A Case At Beenleigh Magistrates Courthouse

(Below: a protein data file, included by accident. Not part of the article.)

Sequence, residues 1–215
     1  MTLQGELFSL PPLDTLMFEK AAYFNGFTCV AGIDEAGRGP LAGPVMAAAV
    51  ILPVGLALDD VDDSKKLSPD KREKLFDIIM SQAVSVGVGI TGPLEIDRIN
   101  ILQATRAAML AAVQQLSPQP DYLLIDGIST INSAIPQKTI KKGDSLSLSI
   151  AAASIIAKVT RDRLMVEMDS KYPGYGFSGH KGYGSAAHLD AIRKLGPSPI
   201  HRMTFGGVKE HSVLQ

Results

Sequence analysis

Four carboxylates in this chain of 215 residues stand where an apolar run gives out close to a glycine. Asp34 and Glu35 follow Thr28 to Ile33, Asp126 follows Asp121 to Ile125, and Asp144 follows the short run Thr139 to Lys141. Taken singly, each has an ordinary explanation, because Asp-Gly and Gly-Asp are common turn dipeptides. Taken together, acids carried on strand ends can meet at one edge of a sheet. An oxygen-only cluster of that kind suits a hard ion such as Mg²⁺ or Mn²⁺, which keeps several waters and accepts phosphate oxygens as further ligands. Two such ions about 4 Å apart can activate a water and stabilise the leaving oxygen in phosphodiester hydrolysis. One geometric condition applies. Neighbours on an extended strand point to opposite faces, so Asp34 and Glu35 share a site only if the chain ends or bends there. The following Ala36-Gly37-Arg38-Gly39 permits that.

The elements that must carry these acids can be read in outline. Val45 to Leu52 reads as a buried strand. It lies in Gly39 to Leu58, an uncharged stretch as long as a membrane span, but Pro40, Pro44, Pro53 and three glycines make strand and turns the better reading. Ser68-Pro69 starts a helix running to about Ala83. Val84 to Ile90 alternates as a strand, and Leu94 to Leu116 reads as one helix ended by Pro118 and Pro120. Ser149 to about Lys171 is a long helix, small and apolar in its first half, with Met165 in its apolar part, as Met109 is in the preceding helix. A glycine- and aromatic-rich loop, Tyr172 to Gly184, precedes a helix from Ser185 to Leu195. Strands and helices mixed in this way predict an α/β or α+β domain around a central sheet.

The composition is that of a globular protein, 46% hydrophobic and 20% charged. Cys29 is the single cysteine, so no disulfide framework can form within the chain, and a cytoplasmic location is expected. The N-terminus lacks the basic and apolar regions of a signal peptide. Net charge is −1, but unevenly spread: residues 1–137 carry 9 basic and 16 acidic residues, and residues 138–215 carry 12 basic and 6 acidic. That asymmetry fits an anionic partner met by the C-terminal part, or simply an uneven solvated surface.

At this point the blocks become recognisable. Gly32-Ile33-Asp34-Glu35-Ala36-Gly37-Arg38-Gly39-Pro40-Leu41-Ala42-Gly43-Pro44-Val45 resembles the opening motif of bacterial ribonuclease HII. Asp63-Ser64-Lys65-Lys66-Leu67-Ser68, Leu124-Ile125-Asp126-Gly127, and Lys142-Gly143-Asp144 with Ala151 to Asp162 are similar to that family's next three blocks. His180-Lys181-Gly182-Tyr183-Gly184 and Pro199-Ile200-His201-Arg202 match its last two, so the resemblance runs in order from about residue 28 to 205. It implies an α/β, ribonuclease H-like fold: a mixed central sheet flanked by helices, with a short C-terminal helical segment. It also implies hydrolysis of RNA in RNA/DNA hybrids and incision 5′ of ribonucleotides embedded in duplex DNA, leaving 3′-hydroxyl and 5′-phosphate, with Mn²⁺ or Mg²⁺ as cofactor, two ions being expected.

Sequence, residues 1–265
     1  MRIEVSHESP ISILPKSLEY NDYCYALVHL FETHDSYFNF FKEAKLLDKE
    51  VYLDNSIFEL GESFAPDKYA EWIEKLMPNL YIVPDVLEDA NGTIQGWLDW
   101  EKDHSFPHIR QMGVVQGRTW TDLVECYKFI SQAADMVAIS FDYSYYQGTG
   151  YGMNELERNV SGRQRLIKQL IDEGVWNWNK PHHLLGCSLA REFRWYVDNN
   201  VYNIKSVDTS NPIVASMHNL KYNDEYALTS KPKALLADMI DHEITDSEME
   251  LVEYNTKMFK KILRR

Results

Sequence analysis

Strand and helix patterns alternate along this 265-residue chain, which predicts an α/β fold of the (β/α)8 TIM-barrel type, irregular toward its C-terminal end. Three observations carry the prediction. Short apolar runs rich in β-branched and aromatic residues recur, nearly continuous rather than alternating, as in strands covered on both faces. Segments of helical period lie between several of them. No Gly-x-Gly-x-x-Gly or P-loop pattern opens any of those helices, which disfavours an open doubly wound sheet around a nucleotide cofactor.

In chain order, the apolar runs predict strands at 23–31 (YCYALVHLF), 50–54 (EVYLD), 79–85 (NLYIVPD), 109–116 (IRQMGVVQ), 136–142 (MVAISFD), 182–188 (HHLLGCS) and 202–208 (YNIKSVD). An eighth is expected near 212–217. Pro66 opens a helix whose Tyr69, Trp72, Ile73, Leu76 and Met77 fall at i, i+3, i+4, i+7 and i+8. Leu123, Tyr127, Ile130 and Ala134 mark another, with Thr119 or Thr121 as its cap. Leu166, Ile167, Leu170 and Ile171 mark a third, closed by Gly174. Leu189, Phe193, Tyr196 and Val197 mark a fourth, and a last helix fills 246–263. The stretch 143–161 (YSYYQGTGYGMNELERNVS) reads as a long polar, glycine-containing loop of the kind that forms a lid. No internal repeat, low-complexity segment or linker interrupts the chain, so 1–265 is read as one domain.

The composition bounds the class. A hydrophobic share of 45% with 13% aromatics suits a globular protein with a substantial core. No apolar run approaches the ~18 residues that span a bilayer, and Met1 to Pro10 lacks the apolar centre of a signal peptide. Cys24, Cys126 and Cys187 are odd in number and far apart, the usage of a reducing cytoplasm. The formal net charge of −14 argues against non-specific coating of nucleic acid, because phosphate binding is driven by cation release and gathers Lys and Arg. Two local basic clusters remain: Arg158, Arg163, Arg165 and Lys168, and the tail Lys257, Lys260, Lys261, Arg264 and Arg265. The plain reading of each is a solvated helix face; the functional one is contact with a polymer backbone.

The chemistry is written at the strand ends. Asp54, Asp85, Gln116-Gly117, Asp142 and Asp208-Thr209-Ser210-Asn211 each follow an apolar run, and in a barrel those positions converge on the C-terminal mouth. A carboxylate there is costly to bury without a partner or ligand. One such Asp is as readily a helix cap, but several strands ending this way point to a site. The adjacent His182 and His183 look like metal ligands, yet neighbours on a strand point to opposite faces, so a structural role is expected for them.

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In the human services field it’s likely workers will have contact with the court and legal system. The differences in the human services profession and the legal systems can become challenging for workers. Such as dissimilarities in prerogatives and values, prove this challenge for human services workers (Kennedy, Richards, & Leiman, 2013). Human service work practice requires an understanding of social policy’s impact in specific areas. As practitioners grasping how theories concerning fundamental principals of social policy have implications for human services agencies and for the individuals who are the users of the services (Carson & Kerr, 2014). This paper will discuss a case observed at Beenleigh Magistrates Courthouse. It will also look at the multiple roles and responsibilities of Human Service professionals appearing in the legal system, as well as the importance of ethical writing and possible tensions between the legal system and human services profession. On my court visitation I observed a breach of DVO and bail conditions case, at the Beenleigh Magistrates Court, on Tuesday 15th. The Beenleigh Magistrate sits on the bottom of the Australian legal hierarchy of courts. Most criminal and some civil cases are first heard here. The purpose of this court is if an individual is charged with a criminal offence, they must be brought before the Magistrates Court. The role and responsibilities of the court personnel, is to decide if there is enough evidence required for

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